(*<*)
theory simp = Main:
(*>*)
section{*Simplification*}
text{*\label{sec:simplification-II}\index{simplification|(}
This section discusses some additional nifty features not covered so far and
gives a short introduction to the simplification process itself. The latter
is helpful to understand why a particular rule does or does not apply in some
situation.
*}
subsection{*Advanced features*}
subsubsection{*Congruence rules*}
text{*\label{sec:simp-cong}
It is hardwired into the simplifier that while simplifying the conclusion $Q$
of $P \isasymImp Q$ it is legal to make uses of the assumptions $P$. This
kind of contextual information can also be made available for other
operators. For example, @{prop"xs = [] --> xs@xs = xs"} simplifies to @{term
True} because we may use @{prop"xs = []"} when simplifying @{prop"xs@xs =
xs"}. The generation of contextual information during simplification is
controlled by so-called \bfindex{congruence rules}. This is the one for
@{text"\"}:
@{thm[display]imp_cong[no_vars]}
It should be read as follows:
In order to simplify @{prop"P-->Q"} to @{prop"P'-->Q'"},
simplify @{prop P} to @{prop P'}
and assume @{prop"P'"} when simplifying @{prop Q} to @{prop"Q'"}.
Here are some more examples. The congruence rules for bounded
quantifiers supply contextual information about the bound variable:
@{thm[display,eta_contract=false,margin=60]ball_cong[no_vars]}
The congruence rule for conditional expressions supply contextual
information for simplifying the arms:
@{thm[display]if_cong[no_vars]}
A congruence rule can also \emph{prevent} simplification of some arguments.
Here is an alternative congruence rule for conditional expressions:
@{thm[display]if_weak_cong[no_vars]}
Only the first argument is simplified; the others remain unchanged.
This makes simplification much faster and is faithful to the evaluation
strategy in programming languages, which is why this is the default
congruence rule for @{text if}. Analogous rules control the evaluaton of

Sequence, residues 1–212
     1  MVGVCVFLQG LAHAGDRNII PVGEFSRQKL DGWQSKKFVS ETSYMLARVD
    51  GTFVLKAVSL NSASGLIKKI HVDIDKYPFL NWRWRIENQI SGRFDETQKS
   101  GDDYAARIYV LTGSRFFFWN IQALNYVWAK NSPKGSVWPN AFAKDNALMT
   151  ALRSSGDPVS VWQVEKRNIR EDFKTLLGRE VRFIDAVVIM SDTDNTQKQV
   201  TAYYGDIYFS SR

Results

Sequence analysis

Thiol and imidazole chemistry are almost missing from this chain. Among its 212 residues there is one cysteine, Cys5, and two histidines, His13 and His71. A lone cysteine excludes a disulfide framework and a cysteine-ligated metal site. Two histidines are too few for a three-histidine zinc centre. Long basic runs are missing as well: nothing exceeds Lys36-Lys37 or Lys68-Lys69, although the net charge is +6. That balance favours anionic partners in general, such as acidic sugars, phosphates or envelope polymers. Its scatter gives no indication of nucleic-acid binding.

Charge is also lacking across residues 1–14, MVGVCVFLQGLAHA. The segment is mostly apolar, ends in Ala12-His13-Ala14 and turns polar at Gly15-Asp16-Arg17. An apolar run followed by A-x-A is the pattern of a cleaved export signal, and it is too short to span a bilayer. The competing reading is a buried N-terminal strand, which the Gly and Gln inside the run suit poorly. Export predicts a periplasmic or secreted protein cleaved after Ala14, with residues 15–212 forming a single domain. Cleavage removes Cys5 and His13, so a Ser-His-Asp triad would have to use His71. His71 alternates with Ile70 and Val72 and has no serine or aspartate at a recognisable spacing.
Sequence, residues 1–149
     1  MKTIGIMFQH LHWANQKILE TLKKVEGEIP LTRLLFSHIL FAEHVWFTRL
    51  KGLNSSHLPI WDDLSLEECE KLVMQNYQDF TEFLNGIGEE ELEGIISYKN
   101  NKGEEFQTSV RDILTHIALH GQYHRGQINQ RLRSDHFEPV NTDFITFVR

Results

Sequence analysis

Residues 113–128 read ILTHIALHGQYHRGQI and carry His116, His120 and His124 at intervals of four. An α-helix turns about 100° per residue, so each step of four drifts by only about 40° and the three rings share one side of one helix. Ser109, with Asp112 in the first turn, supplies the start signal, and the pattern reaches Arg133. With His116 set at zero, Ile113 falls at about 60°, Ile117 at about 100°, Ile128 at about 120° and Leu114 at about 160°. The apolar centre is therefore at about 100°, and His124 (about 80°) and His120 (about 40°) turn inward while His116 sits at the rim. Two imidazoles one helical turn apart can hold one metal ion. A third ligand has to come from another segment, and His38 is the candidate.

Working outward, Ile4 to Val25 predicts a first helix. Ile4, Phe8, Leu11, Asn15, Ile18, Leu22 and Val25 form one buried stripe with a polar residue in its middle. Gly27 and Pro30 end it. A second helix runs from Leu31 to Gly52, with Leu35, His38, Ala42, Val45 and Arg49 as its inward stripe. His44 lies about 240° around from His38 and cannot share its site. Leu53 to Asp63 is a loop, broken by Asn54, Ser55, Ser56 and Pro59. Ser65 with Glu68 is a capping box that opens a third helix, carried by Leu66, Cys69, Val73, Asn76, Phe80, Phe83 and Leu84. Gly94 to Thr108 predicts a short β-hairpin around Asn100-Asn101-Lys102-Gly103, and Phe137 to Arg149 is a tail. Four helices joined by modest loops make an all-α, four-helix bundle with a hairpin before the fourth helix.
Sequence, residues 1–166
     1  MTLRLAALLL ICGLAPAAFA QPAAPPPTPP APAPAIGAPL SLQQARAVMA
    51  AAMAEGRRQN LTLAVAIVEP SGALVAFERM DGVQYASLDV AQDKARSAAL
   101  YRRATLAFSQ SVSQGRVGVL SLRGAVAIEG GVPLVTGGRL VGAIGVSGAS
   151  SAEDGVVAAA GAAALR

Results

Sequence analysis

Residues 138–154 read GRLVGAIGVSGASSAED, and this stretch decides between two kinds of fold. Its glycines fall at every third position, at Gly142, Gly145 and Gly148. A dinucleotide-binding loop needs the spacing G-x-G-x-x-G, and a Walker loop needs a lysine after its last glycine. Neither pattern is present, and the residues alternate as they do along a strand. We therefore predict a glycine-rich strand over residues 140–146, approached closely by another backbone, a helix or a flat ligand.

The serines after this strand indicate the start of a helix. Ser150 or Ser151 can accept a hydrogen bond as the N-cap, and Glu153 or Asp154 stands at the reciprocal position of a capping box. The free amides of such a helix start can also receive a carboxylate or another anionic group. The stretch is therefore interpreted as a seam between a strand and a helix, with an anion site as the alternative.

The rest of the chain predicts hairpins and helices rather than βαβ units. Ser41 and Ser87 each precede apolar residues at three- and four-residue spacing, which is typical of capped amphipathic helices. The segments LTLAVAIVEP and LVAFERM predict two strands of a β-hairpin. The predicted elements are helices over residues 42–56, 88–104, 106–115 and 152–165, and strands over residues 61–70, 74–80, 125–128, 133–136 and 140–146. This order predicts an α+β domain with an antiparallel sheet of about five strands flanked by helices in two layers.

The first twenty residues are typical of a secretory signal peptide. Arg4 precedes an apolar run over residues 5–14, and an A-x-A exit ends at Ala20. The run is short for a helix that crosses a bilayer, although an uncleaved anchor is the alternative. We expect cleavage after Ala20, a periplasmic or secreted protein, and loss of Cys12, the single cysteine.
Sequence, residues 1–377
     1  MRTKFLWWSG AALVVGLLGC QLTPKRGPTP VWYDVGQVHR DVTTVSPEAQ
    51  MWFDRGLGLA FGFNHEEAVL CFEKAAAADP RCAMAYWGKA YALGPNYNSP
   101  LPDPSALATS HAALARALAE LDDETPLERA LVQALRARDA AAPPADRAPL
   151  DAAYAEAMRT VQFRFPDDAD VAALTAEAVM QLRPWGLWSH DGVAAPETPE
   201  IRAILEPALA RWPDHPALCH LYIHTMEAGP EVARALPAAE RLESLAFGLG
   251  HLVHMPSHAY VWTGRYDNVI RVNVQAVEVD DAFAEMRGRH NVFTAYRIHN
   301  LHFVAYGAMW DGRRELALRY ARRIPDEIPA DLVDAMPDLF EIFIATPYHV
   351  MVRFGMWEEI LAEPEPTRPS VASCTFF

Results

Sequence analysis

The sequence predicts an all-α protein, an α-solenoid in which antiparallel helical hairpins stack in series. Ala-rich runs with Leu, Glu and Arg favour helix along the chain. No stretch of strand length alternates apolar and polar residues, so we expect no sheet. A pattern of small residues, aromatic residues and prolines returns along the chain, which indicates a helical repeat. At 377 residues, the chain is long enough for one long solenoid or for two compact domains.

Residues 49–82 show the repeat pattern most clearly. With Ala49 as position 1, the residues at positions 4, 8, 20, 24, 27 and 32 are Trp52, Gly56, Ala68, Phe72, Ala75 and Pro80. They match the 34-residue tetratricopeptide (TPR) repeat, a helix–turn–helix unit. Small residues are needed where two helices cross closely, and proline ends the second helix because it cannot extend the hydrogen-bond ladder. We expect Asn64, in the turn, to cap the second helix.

@{text case} expressions.
You can delare your own congruence rules with the attribute @{text cong},
either globally, in the usual manner,
\begin{quote}
\isacommand{declare} \textit{theorem-name} @{text"[cong]"}
\end{quote}
or locally in a @{text"simp"} call by adding the modifier
\begin{quote}
@{text"cong:"} \textit{list of theorem names}
\end{quote}
The effect is reversed by @{text"cong del"} instead of @{text cong}.
\begin{warn}
The congruence rule @{thm[source]conj_cong}
@{thm[display]conj_cong[no_vars]}
is occasionally useful but not a default rule; you have to use it explicitly.
\end{warn}
*}
subsubsection{*Permutative rewrite rules*}
text{*
\index{rewrite rule!permutative|bold}
\index{rewriting!ordered|bold}
\index{ordered rewriting|bold}
\index{simplification!ordered|bold}
An equation is a \bfindex{permutative rewrite rule} if the left-hand
side and right-hand side are the same up to renaming of variables. The most
common permutative rule is commutativity: @{prop"x+y = y+x"}. Other examples
include @{prop"(x-y)-z = (x-z)-y"} in arithmetic and @{prop"insert x (insert
y A) = insert y (insert x A)"} for sets. Such rules are problematic because
once they apply, they can be used forever. The simplifier is aware of this
danger and treats permutative rules by means of a special strategy, called
\bfindex{ordered rewriting}: a permutative rewrite
rule is only applied if the term becomes ``smaller'' (w.r.t.\ some fixed
lexicographic ordering on terms). For example, commutativity rewrites
@{term"b+a"} to @{term"a+b"}, but then stops because @{term"a+b"} is strictly
smaller than @{term"b+a"}. Permutative rewrite rules can be turned into
simplification rules in the usual manner via the @{text simp} attribute; the
simplifier recognizes their special status automatically.
Permutative rewrite rules are most effective in the case of
associative-commutative operators. (Associativity by itself is not
permutative.) When dealing with an AC-operator~$f$, keep the
following points in mind:
\begin{itemize}\index{associative-commutative operators}
\item The associative law must always be oriented from left to right,
namely $f(f(x,y),z) = f(x,f(y,z))$. The opposite orientation, if
used with commutativity, can lead to nontermination.
\item To complete your set of rewrite rules, you must add not just
associativity~(A) and commutativity~(C) but also a derived rule, {\bf
left-com\-mut\-ativ\-ity} (LC): $f(x,f(y,z)) = f(y,f(x,z))$.
\end{itemize}
Ordered rewriting with the combination of A, C, and LC sorts a term
lexicographically:
\[\def\maps#1{~\stackrel{#1}{\leadsto}~}
f(f(b,c),a) \maps{A} f(b,f(c,a)) \maps{C} f(b,f(a,c)) \maps{LC} f(a,f(b,c)) \]
Note that ordered rewriting for @{text"+"} and @{text"*"} on numbers is rarely
necessary because the builtin arithmetic capabilities often take care of
this.
*}
subsection{*How it works*}
text{*\label{sec:SimpHow}
Roughly speaking, the simplifier proceeds bottom-up (subterms are simplified
first) and a conditional equation is only applied if its condition could be
proved (again by simplification). Below we explain some special
*}
subsubsection{*Higher-order patterns*}
subsubsection{*Local assumptions*}
subsubsection{*The preprocessor*}
text{*
\index{simplification|)}
*}
(*<*)
end
(*>*)